The familiarity of risk does dull us to its dangers, but this is my point. When we make non-routine decisions, like by driving when a month before we would have flown, we should try not to act like idiots.

I was actually thinking bout his book when I wrote this. His rider/elephant is his metaphor for dual process theory, which forms a major part of my masters. I’m not at all trying to downplay the positive role it plays, but the elephant can be trained. We often need better elephants.


I absolutely agree that emotional intuition is an essential to making progress or achieving real insight into an issue. Mathematicians will often say that they will have worked with a concept for years, knowing their properties and how to work with them but never felt like they understood it. It is common they they will suddenly get it. They understand it on a deep intuitive level, and it’s when that happens that they make the most progress. Without honed intuition, our thinking is soooo slow. The thing is though that this is the product of pretty intense effort over a long period of time.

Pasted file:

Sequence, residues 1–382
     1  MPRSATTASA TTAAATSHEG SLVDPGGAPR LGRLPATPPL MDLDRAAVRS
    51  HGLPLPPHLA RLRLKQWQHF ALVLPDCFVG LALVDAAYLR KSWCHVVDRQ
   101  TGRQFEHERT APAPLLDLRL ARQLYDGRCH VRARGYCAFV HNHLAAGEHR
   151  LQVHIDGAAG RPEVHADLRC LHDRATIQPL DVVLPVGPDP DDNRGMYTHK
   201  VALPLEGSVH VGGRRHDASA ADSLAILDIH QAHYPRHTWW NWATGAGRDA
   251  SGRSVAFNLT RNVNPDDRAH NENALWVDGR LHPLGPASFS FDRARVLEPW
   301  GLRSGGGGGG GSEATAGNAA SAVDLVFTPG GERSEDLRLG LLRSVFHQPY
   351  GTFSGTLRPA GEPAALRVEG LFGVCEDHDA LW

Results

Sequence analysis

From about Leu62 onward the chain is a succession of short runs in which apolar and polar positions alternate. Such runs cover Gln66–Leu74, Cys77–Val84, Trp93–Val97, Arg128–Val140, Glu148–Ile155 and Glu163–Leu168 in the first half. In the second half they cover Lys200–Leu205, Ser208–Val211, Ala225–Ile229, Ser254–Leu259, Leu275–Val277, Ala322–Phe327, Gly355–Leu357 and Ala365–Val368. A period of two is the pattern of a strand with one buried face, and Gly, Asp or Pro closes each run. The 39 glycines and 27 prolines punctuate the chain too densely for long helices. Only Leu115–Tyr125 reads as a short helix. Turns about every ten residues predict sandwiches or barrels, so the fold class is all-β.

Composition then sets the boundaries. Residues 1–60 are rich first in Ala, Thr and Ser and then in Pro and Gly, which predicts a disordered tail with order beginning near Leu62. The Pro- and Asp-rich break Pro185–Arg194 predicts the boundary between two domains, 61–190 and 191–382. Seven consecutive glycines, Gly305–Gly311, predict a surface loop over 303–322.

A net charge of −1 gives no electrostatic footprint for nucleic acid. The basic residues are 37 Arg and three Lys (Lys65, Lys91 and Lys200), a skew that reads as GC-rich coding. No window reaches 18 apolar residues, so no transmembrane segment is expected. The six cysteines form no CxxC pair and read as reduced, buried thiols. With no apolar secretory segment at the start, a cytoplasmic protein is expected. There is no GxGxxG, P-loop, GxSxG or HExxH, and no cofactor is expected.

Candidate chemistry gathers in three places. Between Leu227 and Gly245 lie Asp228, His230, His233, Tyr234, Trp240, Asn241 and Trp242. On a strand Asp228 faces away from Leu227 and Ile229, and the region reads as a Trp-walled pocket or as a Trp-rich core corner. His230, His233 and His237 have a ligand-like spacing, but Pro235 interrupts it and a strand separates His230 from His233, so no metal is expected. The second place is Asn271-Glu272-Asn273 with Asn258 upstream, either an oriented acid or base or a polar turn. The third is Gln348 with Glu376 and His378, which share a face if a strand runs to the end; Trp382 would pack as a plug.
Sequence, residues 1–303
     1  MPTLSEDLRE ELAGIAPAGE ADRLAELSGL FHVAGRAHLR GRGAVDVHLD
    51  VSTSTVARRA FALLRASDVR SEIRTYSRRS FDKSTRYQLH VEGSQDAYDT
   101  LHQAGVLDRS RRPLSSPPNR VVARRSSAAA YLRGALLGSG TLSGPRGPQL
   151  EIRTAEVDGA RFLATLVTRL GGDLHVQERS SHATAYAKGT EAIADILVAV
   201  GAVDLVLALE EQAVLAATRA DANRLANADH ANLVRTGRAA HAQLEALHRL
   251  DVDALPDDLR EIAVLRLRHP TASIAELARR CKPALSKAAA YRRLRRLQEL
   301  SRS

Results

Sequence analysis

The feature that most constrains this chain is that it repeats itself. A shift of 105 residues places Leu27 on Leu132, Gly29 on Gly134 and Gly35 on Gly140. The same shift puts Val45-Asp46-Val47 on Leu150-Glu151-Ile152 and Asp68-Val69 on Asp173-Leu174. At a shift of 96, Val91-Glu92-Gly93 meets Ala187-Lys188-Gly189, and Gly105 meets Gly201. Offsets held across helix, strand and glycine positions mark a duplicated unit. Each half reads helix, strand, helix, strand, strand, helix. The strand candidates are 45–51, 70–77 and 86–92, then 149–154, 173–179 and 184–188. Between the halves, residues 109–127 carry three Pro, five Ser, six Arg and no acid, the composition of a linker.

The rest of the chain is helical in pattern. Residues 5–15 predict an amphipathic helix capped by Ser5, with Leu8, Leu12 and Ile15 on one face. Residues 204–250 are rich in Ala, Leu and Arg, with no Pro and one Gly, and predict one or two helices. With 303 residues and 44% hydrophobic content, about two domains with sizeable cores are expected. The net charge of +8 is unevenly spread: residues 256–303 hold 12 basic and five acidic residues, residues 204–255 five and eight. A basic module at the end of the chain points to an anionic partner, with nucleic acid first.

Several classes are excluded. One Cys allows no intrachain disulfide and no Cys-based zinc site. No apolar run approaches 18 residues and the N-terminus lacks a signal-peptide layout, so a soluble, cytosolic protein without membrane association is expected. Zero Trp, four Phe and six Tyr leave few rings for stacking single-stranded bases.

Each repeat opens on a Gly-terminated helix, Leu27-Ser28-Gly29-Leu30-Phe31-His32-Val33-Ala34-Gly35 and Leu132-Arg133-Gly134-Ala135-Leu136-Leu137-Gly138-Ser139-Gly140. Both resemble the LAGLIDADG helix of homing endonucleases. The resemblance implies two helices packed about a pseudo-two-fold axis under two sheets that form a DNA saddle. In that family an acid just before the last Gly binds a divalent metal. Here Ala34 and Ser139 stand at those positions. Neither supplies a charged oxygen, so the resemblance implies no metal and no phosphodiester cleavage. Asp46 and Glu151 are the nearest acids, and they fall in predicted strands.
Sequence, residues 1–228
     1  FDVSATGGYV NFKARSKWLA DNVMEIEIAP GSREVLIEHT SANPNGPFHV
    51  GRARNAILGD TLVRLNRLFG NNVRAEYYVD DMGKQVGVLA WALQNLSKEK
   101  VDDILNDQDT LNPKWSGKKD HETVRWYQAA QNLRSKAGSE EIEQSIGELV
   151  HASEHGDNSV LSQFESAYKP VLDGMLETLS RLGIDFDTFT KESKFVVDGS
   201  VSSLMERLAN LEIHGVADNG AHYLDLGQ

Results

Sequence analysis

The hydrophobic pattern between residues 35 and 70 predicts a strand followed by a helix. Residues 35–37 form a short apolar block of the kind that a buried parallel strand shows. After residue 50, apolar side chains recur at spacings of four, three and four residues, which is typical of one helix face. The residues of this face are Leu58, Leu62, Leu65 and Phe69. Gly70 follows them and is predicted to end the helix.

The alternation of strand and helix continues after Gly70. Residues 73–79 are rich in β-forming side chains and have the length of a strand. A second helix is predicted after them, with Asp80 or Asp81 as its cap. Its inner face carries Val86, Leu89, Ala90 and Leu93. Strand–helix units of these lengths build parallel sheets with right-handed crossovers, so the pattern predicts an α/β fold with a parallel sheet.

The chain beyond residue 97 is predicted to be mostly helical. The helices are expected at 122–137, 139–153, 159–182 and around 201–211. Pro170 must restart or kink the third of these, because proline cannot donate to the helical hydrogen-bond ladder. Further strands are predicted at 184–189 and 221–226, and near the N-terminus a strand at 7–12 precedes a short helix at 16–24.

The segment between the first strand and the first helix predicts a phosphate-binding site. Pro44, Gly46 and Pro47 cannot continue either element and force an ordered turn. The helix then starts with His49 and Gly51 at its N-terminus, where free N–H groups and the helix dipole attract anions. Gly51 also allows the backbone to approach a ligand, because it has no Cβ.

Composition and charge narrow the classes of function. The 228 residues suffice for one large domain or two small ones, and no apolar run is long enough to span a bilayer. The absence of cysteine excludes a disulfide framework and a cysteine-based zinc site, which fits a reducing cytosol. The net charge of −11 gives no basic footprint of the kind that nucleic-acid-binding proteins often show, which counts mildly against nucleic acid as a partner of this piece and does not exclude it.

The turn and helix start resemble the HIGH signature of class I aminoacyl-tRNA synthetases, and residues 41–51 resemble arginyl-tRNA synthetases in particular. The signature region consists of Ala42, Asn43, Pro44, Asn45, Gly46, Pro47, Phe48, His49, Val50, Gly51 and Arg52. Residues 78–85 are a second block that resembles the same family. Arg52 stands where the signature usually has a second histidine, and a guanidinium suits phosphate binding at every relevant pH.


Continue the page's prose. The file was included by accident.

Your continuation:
In maths, physics and I assume programming, the coherence between detail and theory can be shown. But in politics, ethics and even economics, this is much less clear. When people have strong emotional opinions about something then they can exert all their cleverness in identifying the facts that support their theory and ignoring or actively discounting inconvenient facts. But if we’re going the wrong way, progress is bad!

How to strike the right balance between abstract theory and visceral emotion is hard and I find I find super interesting.

Philosophers still appeal directly to intuitions in support of their arguments, even though people have found clever ways of messing with our intuitions which can generate different conclusions in the same situations.